Save the trees in National Forests - I have been working for six years to save 33,000 mature trees–many of them century-old and older emory oaks and white oaks in the Coronado National Forest. They are destined to be destroyed by a Canadian Copper Mining project in the Rosemont area of the forest near Tucson, Arizona–thus destroying watershed and recreational uses for … Continue reading
Enjoying Nature - Nature and trees nurture body, mind and soul. I was so lucky to be able to live in the middle of the Sam Houston National Forest in Texas. We have hundreds of National Forests, created by Theodore Roosevelt and other U.S. Presidents. Send in a photo of your favorite place in a National Forest and … Continue reading
Reason Three: 1872 Mining Law guidelines ignored - No modern mine fits the criteria of the mining law, yet the Forest Service personnel still claim they have to follow the antiquated law. Yet if they were to follow the law, there would be no hardrock pit mines destroying our National Forests. The public is being scammed. The 1872 mining states: CHAP. CL. II … Continue reading
Reason Two: Federal Lands Policy and Management Act - FLPMA—Sec. 102. [43 U.S.C. 1701] (a) The Congress declares that it is the policy of the United States that– (2) the national interest will be best realized if the public lands and their resources are periodically and systematically inventoried and their present and future use is projected through a land use planning process coordinated with … Continue reading

1 Comment

  1. Liz Banse says:

    Hi Nancy,
    You had asked me about alternatives to using the word watershed. Instead of saying watershed, you could say “land around rivers, lakes and streams.” There’s no confusion there and no terminology to be misunderstood.
    Keep up the great work!
    Liz

Comments are closed.

National Forests are threatened!

By non-sustainable hard-rock mining

Trees of our forests are the Earth’s sentinels protecting and insuring the continuation of life. Trees provide clean water, clean air, clean soil, shade and habitat. We must protect them; they must flourish for life on the Earth to continue.

Forests sustain life from two streams. First, there are scientific reasons. Trees produce oxygen necessary for human and animal life. Trees hold the soil, prevent erosion and filter air and rainwater. The National Forest (FS) mission statement “caring for the land and serving the people” and FS management Acts emphasize securing and protecting of watershed. Second and equally important--trees provide opportunities for humans to enjoy healthy exercise, recreation and contemplation in shady, quiet, natural places to rejuvenate their body, mind and spirit.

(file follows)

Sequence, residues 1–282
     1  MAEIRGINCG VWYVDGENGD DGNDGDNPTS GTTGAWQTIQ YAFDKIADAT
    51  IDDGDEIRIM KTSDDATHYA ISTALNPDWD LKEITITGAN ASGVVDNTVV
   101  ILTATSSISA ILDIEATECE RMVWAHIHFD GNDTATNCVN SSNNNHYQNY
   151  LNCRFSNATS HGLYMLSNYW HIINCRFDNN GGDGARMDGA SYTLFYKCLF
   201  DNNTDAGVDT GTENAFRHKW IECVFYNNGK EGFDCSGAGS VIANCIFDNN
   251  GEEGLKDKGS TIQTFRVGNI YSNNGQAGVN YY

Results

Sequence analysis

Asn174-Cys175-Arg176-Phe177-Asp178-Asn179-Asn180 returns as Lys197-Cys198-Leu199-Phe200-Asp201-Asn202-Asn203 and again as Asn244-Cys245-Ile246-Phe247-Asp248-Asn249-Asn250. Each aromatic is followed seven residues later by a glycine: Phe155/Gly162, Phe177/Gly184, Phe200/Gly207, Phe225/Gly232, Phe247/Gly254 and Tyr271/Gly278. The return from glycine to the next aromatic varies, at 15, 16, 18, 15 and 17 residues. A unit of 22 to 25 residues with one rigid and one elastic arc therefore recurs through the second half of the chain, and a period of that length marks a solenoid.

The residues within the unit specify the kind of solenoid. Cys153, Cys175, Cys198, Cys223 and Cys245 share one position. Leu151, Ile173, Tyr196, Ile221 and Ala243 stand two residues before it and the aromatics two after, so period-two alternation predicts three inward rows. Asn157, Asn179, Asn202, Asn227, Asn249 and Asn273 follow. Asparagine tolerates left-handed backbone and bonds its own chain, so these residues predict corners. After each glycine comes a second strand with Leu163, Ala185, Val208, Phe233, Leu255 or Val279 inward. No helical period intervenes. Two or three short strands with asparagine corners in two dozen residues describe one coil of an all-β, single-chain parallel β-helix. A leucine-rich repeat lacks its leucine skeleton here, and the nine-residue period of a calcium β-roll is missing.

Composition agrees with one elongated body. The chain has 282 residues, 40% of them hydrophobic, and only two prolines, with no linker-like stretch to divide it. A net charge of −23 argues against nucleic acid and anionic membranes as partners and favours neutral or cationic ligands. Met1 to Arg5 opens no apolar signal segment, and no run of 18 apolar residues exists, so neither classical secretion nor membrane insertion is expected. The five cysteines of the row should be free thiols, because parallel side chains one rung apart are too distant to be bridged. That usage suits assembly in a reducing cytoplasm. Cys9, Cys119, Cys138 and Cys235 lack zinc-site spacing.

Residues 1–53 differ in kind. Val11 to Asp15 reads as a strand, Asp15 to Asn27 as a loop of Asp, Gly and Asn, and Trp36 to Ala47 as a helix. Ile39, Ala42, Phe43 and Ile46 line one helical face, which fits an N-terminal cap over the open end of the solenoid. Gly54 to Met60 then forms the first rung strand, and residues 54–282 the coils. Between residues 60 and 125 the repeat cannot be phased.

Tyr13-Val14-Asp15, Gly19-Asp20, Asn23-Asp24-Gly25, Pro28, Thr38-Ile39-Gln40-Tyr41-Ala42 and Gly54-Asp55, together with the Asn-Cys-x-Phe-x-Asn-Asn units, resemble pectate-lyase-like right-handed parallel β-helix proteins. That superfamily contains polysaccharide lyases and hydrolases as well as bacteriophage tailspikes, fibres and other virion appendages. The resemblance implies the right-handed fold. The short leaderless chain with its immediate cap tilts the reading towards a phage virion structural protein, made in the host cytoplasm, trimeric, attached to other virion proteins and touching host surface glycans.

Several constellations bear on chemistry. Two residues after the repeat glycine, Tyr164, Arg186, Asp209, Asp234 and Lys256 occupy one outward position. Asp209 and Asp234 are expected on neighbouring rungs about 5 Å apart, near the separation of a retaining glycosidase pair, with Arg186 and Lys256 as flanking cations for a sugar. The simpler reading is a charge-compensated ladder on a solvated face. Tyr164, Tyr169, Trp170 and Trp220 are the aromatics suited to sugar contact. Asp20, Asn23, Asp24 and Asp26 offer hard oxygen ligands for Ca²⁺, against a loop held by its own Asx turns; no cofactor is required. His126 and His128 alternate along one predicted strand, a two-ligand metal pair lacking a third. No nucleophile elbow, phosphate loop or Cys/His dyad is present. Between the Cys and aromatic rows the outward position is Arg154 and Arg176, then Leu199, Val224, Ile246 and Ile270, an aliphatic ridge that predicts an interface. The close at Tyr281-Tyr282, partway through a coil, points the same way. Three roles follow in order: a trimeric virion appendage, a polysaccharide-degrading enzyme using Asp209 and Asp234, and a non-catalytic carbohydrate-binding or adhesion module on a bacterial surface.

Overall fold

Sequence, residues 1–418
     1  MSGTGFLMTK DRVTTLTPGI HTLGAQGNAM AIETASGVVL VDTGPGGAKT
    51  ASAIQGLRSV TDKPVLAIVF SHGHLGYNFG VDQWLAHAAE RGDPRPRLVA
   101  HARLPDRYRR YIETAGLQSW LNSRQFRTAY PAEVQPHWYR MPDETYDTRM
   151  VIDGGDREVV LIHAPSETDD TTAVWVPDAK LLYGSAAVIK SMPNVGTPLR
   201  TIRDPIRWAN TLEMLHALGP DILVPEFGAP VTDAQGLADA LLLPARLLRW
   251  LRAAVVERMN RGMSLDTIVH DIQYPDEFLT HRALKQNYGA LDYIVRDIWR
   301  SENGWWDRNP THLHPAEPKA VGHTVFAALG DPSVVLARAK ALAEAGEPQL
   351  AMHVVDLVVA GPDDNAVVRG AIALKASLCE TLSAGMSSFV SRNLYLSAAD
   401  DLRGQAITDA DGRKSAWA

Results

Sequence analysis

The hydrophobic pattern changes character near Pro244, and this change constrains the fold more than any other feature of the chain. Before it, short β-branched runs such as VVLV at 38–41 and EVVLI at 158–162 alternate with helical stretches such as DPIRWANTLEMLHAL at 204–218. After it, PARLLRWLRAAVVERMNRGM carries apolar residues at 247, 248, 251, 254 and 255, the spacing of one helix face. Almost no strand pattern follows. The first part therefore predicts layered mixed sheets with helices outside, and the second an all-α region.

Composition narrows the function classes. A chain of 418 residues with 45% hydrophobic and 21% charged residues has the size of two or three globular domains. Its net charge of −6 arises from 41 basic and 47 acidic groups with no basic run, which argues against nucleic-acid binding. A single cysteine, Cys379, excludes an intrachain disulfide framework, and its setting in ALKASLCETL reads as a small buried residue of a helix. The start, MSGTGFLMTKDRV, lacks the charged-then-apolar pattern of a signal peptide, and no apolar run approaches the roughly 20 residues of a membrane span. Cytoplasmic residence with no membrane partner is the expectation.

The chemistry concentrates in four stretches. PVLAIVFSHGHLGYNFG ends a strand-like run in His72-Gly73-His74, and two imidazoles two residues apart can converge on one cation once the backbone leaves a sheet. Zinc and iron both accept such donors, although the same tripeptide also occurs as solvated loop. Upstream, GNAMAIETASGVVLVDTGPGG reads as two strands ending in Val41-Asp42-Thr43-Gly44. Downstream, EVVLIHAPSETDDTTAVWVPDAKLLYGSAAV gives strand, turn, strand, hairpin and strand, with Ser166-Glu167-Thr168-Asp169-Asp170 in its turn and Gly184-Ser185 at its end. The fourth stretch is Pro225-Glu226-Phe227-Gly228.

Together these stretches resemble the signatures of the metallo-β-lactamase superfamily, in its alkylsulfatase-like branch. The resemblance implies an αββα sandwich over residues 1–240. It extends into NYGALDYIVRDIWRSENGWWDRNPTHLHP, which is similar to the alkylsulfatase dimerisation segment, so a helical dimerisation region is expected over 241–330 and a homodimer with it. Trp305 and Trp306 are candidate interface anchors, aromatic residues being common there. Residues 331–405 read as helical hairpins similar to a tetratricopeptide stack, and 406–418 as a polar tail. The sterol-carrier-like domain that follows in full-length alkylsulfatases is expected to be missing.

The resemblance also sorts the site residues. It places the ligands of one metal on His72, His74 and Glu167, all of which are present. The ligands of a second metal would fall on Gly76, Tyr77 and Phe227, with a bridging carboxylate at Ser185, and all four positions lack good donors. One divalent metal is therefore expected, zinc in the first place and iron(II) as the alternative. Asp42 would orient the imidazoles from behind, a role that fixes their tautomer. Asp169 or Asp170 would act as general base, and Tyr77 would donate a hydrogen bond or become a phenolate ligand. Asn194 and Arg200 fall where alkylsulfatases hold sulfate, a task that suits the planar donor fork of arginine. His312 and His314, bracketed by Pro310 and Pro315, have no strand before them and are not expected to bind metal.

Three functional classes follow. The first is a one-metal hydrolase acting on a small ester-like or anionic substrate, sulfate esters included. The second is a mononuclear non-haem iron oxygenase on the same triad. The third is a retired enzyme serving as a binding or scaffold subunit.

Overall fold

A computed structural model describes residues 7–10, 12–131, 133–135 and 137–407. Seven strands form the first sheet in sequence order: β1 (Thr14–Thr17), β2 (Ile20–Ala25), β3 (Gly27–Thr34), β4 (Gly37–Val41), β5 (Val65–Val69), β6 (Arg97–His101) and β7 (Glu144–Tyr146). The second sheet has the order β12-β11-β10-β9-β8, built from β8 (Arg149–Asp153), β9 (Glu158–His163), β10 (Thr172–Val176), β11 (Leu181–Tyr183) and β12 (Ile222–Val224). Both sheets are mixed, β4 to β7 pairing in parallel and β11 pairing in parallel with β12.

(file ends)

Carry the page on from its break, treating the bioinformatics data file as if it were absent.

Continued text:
Urgency of Mining Law Reform

Oak Flat Land Exchange

Elias Butler video on protecting Oak Flat in Tonto National Forest

Creation of National Forest Reserves

The National Forest System was created to protect our forests from destruction by grazing, mining and unregulated cutting, which were already deemed a problem in the late 1800’s. In 1882, the U.S. President, Chester A. Arthur, stated: "The conditions of the forests and the wasteful manner in which their destruction is taking place give cause for serious apprehension."

The Forest Reserve Act of 1891 authorized the Presidents of the United States to set aside forest reserves from the lands in the Public Domain. The Act was passed under Benjamin Harrison’s administration (1889-1893). He responded by putting 13 million acres of land into National Forests. The succeeding presidents, Grover Cleveland (1893-1897) put in 25 million acres and William McKinley (1897-1901) put in 7 million acres. However, the champion of the forest preservation was Theodore Roosevelt (1901-1909). Under Roosevelt's pen the forest reserves went from approximately 43,000,000 acres to about 194,000,000 acres, an increase of over 400%.

Over 100 years ago, four U.S. Presidents knew that trees of the forest sustained health and well-being for humans and wildlife. However, we of the "scientific age" aren't able to figure it out.